Wise words, these, but surely as relevant to the Council of Europe as to the European Union. For Latin America exemplifies better than anywhere else, perhaps, the problems of written constitutions, when they bear no relationship to how people think or behave. Argentina's 1853 constitution was imposed by a "liberal oligarchy" and seen as a beacon of liberalism. But the only parts of it to be applied were those providing for "emergency powers" which placed the rights of man on hold. Colombia today has a framework of laws that would make British civil liberties campaigners proud, but this does not stop "social cleansing" by death squads. The problem with the Council of Europe is that it is too abstract in its principles and that it fails to test its ideas against others. Just as the European Union makes economic growth the only measure of success, the Council of Europe has come to equate social advancement with uncomplicated personal freedom - and a uniform idea of personal freedom, applying across national boundaries and overriding social conventions. The Council's Web site, for example, favours the feminist agenda over the stable family structures essential to a genuinely free society. The European Court decides the recruitment policies of national armies, "rules" on how children should be disciplined by parents or schools and often sides blatantly with criminals against the interests of their victims, or with terrorists against ordered communities. This narrow view of "progress" towards "freedom" is as unsatisfactory, and as outdated, as the European Union's view of "progress" towards growth. It is based on an arrogant humanism that sees history as a straight line, moving inexorably forward. Asian philosophy, by contrast, recognises in human history, cyclical patterns. In Hinduism, each cycle ends with a dark age:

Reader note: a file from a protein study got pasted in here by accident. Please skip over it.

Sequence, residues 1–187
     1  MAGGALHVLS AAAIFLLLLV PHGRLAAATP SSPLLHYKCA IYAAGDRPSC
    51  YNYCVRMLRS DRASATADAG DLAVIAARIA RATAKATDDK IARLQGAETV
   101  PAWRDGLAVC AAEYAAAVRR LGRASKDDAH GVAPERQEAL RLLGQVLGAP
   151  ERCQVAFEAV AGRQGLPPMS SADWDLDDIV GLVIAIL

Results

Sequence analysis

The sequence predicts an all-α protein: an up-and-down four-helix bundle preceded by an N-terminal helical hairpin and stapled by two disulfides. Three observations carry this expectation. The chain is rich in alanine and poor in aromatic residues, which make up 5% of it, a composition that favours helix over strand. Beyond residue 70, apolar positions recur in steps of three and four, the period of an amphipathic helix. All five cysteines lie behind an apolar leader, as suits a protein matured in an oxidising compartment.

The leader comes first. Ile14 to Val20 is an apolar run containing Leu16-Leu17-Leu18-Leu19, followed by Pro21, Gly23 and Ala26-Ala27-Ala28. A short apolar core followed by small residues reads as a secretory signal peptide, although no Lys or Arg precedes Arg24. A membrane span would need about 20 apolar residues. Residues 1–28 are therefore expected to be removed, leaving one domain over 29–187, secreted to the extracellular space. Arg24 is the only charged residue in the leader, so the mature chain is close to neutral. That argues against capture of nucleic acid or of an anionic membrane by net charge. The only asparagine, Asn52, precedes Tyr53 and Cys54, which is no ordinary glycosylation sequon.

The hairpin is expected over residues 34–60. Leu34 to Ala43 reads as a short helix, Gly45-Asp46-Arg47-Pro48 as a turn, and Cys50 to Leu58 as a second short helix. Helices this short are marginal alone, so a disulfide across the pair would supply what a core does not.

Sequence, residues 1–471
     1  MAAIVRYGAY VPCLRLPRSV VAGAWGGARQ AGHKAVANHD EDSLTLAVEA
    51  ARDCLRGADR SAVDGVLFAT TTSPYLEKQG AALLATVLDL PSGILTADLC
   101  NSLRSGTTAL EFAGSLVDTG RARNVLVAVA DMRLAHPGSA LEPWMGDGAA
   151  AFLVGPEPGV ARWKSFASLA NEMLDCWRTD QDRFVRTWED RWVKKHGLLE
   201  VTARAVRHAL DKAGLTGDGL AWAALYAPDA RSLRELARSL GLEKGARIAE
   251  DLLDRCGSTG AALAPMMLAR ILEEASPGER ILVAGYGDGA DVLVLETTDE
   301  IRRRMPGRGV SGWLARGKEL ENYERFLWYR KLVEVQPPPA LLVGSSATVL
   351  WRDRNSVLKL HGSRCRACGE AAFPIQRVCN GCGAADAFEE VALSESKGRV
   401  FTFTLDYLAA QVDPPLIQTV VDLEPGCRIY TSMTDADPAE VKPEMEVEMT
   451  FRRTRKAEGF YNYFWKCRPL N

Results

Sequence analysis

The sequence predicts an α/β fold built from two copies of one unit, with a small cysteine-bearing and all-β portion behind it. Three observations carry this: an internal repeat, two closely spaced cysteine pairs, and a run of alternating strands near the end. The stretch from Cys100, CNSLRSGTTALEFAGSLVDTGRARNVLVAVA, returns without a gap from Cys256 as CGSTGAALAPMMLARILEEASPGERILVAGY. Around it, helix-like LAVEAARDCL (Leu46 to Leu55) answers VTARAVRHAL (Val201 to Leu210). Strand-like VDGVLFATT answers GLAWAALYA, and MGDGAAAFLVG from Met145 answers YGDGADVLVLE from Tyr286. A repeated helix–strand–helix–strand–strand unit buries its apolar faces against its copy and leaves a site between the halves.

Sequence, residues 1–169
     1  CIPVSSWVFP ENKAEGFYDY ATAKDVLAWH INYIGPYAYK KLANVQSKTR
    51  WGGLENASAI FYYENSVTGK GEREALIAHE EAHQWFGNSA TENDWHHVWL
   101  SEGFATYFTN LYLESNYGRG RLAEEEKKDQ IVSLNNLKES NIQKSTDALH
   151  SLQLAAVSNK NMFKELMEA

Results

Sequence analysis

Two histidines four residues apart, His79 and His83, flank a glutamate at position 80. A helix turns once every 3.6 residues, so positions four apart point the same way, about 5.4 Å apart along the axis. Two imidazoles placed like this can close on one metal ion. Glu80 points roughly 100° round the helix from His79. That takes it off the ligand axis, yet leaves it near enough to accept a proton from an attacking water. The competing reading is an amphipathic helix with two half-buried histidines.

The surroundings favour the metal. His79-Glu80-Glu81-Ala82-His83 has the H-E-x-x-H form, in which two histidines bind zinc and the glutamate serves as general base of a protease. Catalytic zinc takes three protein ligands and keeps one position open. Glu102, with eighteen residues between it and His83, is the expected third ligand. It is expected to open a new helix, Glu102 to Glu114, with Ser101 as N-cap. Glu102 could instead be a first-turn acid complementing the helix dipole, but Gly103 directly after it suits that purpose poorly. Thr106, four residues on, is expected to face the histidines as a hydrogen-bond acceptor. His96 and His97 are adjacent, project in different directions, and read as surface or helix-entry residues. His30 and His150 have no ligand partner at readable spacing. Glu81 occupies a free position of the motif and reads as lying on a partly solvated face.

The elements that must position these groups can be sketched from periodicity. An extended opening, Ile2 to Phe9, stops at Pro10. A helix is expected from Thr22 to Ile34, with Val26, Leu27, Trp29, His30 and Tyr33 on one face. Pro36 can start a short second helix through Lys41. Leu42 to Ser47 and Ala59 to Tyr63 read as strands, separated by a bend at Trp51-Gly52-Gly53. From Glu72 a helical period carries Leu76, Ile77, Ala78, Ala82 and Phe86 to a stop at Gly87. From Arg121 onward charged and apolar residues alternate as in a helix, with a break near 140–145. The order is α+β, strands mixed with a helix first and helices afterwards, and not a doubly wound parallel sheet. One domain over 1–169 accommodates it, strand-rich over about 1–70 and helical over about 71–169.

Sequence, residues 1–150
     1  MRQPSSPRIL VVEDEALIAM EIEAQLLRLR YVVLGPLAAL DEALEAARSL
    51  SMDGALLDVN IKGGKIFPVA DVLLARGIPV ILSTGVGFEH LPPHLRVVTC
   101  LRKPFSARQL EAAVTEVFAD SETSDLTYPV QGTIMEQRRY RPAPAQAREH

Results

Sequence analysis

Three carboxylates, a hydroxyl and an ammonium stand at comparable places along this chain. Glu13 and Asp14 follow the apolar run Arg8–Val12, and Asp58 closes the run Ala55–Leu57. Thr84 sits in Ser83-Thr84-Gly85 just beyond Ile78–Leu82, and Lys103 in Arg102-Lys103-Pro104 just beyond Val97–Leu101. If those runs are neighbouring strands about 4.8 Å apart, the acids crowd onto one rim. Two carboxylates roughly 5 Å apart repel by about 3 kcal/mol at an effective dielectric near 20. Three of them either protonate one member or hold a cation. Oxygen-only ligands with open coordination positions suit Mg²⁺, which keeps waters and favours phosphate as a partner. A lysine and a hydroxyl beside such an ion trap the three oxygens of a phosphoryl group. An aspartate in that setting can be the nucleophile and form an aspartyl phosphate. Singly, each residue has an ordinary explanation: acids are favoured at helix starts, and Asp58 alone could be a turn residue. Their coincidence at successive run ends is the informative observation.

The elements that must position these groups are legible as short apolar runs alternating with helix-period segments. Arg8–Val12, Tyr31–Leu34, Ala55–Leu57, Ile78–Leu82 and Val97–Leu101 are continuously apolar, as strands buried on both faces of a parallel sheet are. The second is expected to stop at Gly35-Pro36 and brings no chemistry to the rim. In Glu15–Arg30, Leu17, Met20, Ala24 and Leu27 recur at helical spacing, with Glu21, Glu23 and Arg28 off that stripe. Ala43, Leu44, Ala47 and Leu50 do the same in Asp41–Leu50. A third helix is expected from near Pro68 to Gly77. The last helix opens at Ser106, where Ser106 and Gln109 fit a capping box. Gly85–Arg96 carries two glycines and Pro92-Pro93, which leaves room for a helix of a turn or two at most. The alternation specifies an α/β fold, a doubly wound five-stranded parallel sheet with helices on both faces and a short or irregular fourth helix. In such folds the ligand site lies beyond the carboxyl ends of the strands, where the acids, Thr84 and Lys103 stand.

In the Yuga, the last, shortest and nastiest age in each world-cycle, evil proliferated [within] a world given over to luxury and vice. Women forgot their modesty, ... and the lives of men became ever more brutish and short. When this extreme of degeneration had been reached a fearful drought afflicted the earth and men died in their thousands.
This myth demonstrates effectively the connection between ecological imbalance and the breakdown of social order. In its confusion of liberty and licence, and its preoccupation with the perverse, our society bears an alarming resemblance to the Yuga. What springs to mind too is the nihilism and amorality of the Weimar Republic, which was a logical prelude to totalitarian terror. Most of the Council's "grand old men" are aware of the dangers of backlash, but in this volume at any rate they show little inclination to go back to first principles or to emphasise responsibilities alongside and (dare I say it?), sometimes at the expense of, rights. George Bull, who is not a politician and therefore more politically astute, is critical of the politically correct reformers of the United Kingdom, who take their cue from "Europe" to impose on us changes that degrade and deracinate:
The great publicly owned enterprise, the City of London, the long-established world-renowned manufacturing companies, the trade union movement, ... the army regiments, the Church of England, the House of Lords et al. have all been or are being ... wrecked or almost casually refashioned by reformers spread across the party system who often show scant awareness of the vital importance of strong and revered institutions in the fabric of a nation.
Scant awareness, perhaps. Or is it wilful destructiveness? True reformers build upon existing institutions, rather than tearing them apart. They respect traditional values, rather than trying to replace them with moral relativism. I might be wrong, but I have the impression that John Coleman is disappointed at the lack of questioning, by most contributors, of whether the Council of Europe's values are strong enough. He speaks of his generation's growing disillusionment, especially as the Cold War drew to an end: